Ian Coomes - Marfan syndrome


Hello my name is Ian Coomes, though I prefer to go by Link. I am fifteen years old and both suffer from and am here to talk to you all about Marfan Syndrome. I was diagnosed with this disease only a few months after my birth and my family was fearful of what it meant for my future. Throughout my childhood my mother was ever-watchful of the dangers around me and despite her best attempts I did realize there was a difference between the other children and I. They all ran around the soccer field for an hour while the gym teacher told me I had to sit out after merely half the class. I didn’t suffer any trauma from sitting outside of the class but I was clearly treated differently.

As I grew older I of course had no trouble making friends due to my ever-noticeable charm. I found while I was lacking in my physical attributes I was able to worm my way out of most of my problems through the use of humor and guile. Whenever I was mocked by another for my health or appearance I would simply throw back a witty comment. It is important to be proud of who you are, regardless of what others choose to say.

Furthermore, I found there was more to my skills than waning off the unfortunate bully who dared cross blades with the wit of the fabled Goliath. I learned that I excelled in nigh every academic subject I tackled. I am interested in the etymology of many languages, I have worked hard in the sciences and I am currently working my way through grade 12 AP math. I may be 2 years younger than almost every other student but even there I’m a sight to be seen; be it because of my affinity for mathematics or the fact that I look a year older than the eldest senior.

Through my studies into academia I found others like I, unable to perform physically, albeit by choice, but excelling in their education. I learned of different games, like Dungeons and Dragons or Munchkin, a surprisingly enjoyable card game. I found that there are entire communities made of my people, we the geeks united stood, a sore thumb to society but ever cheerful to one another! I attended conventions, discussed comic books and soaked in every part of this new sovereign. Everywhere I turned I found something to spark my interest; Lord of the Rings, Star Wars, Batman and most importantly to me The Legend of Zelda, a top selling video game series.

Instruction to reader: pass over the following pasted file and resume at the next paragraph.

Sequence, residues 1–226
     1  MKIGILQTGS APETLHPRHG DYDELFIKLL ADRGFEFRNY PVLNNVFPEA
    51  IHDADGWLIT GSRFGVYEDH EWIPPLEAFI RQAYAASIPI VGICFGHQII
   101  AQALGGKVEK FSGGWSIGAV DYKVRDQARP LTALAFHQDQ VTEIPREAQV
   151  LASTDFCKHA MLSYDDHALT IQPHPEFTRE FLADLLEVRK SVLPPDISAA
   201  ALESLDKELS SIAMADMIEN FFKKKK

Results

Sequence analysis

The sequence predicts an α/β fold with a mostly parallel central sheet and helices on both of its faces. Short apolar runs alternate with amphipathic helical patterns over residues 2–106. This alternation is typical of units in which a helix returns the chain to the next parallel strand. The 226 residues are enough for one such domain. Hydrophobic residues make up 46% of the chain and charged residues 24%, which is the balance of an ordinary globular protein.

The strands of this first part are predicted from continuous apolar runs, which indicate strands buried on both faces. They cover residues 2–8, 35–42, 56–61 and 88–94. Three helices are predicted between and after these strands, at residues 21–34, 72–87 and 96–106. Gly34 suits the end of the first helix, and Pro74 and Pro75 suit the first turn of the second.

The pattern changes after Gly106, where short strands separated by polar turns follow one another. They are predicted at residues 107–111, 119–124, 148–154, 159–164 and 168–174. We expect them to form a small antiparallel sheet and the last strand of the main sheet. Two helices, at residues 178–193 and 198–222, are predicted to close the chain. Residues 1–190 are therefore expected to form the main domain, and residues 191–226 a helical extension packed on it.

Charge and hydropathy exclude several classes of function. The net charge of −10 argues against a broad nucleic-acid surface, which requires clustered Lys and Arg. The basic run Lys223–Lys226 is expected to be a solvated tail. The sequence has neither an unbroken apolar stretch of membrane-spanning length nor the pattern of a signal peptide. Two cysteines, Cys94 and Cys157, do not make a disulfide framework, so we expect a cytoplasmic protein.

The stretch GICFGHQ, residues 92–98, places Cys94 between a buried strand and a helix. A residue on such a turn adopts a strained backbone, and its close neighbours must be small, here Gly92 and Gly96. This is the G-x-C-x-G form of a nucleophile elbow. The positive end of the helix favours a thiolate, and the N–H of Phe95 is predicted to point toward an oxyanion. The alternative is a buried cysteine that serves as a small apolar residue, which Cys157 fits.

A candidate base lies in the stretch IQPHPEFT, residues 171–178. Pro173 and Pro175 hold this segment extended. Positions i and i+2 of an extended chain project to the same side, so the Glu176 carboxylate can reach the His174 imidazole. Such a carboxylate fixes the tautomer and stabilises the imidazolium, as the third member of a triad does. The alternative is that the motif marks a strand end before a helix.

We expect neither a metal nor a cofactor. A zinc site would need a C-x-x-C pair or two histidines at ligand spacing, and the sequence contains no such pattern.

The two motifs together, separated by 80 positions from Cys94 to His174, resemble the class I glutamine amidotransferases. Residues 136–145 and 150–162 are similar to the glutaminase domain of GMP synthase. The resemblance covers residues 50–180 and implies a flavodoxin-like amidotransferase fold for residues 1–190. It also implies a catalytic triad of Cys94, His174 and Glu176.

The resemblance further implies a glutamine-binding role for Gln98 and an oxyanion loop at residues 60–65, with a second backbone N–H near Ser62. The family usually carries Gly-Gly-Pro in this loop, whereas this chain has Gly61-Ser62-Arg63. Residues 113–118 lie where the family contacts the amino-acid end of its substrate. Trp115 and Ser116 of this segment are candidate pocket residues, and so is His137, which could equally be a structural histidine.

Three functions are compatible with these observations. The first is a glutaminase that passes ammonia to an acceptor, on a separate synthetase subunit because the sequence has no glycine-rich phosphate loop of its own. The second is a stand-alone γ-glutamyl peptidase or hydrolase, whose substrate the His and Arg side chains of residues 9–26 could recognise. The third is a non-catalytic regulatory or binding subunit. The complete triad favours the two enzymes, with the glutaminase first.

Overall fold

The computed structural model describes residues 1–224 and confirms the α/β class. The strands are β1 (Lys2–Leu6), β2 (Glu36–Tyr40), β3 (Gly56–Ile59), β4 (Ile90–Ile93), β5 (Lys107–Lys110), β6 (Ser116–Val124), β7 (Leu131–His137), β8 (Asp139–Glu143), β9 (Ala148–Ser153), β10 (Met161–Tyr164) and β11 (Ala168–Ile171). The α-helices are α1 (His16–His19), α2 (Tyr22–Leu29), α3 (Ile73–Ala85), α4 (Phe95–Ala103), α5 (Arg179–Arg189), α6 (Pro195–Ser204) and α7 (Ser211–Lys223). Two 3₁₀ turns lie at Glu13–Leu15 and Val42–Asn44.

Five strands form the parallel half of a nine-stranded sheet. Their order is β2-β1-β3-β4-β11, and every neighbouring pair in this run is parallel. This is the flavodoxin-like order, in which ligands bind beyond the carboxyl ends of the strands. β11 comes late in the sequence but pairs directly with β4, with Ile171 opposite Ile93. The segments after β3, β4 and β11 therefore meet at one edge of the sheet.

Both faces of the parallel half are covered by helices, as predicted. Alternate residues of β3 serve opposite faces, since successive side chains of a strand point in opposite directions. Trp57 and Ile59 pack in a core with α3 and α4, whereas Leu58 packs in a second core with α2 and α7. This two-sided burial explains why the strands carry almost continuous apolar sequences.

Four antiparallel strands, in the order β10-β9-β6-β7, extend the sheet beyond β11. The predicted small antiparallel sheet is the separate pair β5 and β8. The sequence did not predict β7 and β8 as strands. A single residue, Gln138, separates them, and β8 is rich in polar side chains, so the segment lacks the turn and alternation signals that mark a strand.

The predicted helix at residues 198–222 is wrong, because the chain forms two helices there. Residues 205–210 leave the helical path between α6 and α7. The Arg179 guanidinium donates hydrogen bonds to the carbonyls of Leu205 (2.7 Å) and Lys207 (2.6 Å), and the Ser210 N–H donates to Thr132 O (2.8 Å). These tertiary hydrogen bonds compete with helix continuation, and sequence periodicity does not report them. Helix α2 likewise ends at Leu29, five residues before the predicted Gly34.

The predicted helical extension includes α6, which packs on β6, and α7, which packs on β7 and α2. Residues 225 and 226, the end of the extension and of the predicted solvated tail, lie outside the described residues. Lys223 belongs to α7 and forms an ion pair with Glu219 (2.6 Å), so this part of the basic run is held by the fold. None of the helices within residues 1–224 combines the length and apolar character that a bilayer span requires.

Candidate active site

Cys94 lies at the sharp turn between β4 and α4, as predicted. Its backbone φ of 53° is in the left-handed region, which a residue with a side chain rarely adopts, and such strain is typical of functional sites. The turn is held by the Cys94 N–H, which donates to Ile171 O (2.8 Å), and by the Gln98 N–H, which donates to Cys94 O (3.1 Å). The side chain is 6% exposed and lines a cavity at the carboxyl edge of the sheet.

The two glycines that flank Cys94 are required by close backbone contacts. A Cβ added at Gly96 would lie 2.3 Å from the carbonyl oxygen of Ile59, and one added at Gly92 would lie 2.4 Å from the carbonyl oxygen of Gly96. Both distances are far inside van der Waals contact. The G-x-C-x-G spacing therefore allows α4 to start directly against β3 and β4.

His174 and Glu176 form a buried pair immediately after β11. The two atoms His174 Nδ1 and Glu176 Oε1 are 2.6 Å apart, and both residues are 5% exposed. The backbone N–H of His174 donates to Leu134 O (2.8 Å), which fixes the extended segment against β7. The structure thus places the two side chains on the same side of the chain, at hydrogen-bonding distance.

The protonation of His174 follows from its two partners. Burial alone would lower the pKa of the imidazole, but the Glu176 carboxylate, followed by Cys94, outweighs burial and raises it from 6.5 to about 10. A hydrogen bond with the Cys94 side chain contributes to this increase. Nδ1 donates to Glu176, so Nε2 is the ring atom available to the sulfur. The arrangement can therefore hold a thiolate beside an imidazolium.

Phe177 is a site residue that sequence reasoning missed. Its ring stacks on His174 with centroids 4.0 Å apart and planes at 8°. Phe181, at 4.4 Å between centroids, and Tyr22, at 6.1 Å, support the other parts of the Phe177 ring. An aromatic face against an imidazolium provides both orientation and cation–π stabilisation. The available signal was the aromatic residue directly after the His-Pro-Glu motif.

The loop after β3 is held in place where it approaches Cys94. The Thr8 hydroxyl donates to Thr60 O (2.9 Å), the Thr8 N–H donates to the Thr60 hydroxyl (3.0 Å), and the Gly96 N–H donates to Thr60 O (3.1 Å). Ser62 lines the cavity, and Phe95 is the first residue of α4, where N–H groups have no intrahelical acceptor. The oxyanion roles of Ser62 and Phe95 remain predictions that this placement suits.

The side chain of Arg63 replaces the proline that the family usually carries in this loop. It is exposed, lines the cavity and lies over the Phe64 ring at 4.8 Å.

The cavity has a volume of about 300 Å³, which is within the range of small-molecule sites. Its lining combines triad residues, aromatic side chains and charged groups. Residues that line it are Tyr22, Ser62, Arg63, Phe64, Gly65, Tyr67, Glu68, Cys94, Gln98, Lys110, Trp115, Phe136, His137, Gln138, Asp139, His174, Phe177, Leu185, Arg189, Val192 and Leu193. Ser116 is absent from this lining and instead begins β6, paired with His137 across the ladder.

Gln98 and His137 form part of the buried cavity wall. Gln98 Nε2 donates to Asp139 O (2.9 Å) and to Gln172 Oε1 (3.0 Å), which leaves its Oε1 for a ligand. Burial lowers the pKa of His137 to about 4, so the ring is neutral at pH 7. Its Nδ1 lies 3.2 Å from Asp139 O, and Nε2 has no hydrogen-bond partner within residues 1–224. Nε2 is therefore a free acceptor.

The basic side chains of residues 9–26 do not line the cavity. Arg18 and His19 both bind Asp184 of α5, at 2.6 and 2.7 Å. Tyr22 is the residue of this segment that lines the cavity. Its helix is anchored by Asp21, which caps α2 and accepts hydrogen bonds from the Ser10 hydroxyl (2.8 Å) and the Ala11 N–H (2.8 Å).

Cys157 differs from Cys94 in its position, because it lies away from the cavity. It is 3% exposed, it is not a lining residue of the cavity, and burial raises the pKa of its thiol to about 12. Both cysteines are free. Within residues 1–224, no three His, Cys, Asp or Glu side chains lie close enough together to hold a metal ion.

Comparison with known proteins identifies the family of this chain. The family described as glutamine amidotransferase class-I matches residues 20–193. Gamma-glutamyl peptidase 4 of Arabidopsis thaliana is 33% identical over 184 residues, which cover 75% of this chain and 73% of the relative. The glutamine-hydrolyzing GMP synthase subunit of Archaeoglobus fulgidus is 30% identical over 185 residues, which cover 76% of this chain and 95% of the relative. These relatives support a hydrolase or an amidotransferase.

Now I probably should state that my story may be slightly embellished, I was destined to be a geek since birth and The Legend of Zelda has been a part of my life throughout. The game follows the tale of Link, a courageous lad, as he travels across the land, saving maidens, battling monsters and other such things that heroes must do. I adored the character so much that to this day he is my namesake. The entire point of the games is that though the legendary heroes lacked power they could always succeed through the use of wisdom and courage.

The purpose of this spiel is not to speak of how wonderful it is to be a geek but rather to stress that I overcame my condition. I persevered past the restrictions of my feeble bones and broken heart. It doesn’t matter if you can walk or run, it matters what you choose to do with what you have.

Now just before I go, I fear that this speech may get back to my cardiologist so to avoid the turmoil of explaining why I didn’t, I’ll tell you all that I’m not inactive, regardless of what this speech may have suggested. I do archery, I am part of a walking club at school and much to my chagrin my mother forces me to swim twice a week. I don’t particularly enjoy swimming but it keeps me healthy until further advancements can be made to help Marfan Syndrome and related disorders. The Canadian Marfan Association (CMA), now known as the Genetic Aortic Disorders Association (GADA) Canada is here to do just that. Through them we all have the chance to do everything we want to do and more, both before and after a cure is found. The entire CMA/GADA has always been kind to my family and I know if ever I was in need of something they would always be willing to help.

On that note I will say thank you for listening and to quote a favorite series of mine (Vulcan salute), live long and prosper.